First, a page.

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Digital Subscriptions > Lonely Planet Traveller (UK) > June 2017 > BACKSTAGE HAVANA


Havana’s heartbeat is the pounding of drums. Infectious rumba and salsa music are ever-present, along with the everyday sounds: cries of peanut hawkers – ‘Mani, mani!’ – and the rattle of handcarts over cobbles. Ladies shout to their neighbours as they hang out washing in colourful lines like bunting, dogs yip from balconies, and the tinny noise of a televised baseball game spills from a window where a man stands shaving his chin with a cut-throat razor. It often seems that all the drama of life here is lived out on the street. After all, Havana appears as a city-sized film set, with its crumbling colonial buildings and its classic cars belching bluish exhaust fumes into the air. But behind the city’s pastel-painted façades and ornate wrought-iron grilles, there is a whole world to be discovered – all it takes is to pull back the curtain…
Potent symbols of Cuba adorn the streets of the capital Havana – from classic American cars and crumbling colonial buildings, to cigars and the national flag


Callejón de Hamel is less a street than a kaleidoscope of colour. A famed centre of Havana street art, its walls are covered in bright murals the size of tennis courts, and every corner is filled with sculptures made from engine parts, horse shoes or bathtubs.

Music fills the air. It’s the rhythmic chant of voices singing to the tippity-thump of a double-ended batá drum and the rasping rattle of a shekere – a polished gourd strung with cowrie shells.

In a small courtyard off the Callejón de Hamel, a young woman in a headscarf is twirling in a dress of red, black and white. She stamps her feet on the rough-paved ground, her face alive with an infectious grin. Soon she’s swept up in a circle of fellow dancers. They all spin in their silken dresses, raising their arms in the air.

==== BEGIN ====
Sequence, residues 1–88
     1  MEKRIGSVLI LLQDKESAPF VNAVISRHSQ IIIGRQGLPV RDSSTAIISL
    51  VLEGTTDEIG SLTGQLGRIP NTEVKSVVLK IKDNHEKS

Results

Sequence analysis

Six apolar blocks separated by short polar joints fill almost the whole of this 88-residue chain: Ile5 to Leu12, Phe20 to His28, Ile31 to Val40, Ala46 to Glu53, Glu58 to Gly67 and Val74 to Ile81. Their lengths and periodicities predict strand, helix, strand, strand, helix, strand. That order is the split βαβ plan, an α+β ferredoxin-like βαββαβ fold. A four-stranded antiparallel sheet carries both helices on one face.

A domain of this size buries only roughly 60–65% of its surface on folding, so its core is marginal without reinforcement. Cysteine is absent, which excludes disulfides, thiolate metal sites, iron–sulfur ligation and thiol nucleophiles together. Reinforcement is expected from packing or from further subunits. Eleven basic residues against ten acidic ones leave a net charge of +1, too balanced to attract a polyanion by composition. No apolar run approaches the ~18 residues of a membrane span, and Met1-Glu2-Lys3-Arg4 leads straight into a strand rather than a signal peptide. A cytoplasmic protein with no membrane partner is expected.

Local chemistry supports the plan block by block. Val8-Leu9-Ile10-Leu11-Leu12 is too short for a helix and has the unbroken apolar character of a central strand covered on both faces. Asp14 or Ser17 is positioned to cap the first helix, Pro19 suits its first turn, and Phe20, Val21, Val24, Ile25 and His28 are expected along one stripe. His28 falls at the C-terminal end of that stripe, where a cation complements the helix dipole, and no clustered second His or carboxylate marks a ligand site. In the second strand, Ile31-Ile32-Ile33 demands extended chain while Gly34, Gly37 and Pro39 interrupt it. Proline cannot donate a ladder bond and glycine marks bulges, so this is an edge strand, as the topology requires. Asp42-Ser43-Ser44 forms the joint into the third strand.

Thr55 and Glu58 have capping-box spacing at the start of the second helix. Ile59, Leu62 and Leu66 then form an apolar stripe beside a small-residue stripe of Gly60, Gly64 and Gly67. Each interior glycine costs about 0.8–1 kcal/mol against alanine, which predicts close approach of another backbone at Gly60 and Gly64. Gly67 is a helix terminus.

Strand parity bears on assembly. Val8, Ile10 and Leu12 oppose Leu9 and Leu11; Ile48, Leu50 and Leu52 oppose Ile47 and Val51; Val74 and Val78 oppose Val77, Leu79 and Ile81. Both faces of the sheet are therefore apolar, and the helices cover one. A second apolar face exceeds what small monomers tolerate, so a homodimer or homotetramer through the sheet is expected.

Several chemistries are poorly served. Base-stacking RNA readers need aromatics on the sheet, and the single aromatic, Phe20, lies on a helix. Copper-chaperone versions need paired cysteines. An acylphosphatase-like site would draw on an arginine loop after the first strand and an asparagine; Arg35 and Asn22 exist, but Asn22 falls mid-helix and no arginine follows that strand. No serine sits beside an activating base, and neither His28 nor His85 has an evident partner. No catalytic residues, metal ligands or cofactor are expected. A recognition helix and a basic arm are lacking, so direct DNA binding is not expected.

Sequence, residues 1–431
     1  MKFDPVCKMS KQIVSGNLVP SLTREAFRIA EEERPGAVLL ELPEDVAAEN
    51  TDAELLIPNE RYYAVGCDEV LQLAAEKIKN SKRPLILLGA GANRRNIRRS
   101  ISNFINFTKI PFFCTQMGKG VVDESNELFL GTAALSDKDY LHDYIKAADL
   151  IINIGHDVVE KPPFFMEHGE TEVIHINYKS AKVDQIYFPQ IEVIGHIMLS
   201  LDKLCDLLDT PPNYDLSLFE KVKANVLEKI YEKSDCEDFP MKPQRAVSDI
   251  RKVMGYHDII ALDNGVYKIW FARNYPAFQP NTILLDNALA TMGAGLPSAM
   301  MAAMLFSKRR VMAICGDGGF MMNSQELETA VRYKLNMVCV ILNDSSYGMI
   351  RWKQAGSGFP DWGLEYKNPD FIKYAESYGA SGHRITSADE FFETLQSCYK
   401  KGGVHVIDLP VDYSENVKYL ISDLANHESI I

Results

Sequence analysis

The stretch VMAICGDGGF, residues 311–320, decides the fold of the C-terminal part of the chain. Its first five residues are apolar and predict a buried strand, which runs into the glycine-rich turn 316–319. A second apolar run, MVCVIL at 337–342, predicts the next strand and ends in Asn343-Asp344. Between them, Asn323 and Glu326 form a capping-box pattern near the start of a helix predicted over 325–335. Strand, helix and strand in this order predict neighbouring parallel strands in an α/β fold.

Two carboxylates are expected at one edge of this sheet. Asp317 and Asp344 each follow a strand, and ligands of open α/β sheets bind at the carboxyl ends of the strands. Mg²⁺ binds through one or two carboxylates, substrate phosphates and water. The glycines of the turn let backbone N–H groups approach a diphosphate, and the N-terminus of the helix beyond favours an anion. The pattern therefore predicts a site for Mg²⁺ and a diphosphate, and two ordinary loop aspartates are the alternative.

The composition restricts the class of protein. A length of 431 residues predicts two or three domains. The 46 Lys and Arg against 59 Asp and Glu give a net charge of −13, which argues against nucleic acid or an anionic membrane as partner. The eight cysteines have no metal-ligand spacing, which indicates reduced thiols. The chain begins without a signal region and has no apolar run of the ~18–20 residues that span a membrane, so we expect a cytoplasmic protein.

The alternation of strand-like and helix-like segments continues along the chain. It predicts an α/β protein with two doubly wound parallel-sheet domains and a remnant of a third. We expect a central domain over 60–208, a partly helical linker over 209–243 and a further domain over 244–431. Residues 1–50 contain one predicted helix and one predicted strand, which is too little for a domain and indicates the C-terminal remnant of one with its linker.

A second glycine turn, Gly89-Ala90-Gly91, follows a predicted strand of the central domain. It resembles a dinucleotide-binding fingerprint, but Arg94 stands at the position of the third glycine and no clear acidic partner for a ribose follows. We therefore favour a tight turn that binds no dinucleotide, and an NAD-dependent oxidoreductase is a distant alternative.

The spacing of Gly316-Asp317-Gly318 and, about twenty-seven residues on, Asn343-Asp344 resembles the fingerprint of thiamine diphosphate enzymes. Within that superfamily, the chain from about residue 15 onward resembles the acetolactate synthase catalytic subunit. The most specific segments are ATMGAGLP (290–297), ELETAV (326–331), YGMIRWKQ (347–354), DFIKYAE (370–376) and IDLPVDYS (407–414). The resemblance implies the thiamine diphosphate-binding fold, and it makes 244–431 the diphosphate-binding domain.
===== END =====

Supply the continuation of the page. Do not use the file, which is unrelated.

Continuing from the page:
This foot-thumping and drum-beating is much more than a simple performance. Callejón de Hamel is a centre for Havana’s Afro-Cuban community, and this display is a fervent prayer, a communion with the orisha, the gods brought to Cuba in the 16th century by slaves from what is now Nigeria.

Thairumy Rangel Chirino emerges from the dance and sinks into a plastic chair, happily out of breath. ‘You see here,’ she says, ‘in this dance each person is not just a person. They represent a god, an element of nature. For example, my blue colour represents the water of the sea.’ She indicates her sapphire skirt and towering headdress – she is Yemayá, the mother of all living things and goddess of the ocean.

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About Lonely Planet Traveller (UK)

In the June issue… We are heading to some of the world's most exciting cities. Discover the spirit of Havana through the eyes of five of its citizens, experience two sides to St Petersburg a century after revolution pitted tsars against Soviets, and touch down in two dozen more cities around the world, with new openings to find in places including Seattle, Johannesburg, Mexico City and Dublin. Our Great Escape this month is to the charmed coastline and stirring moors of South Devon, plus we also have a recipe-filled tour of Japan's best regional cuisine, and much more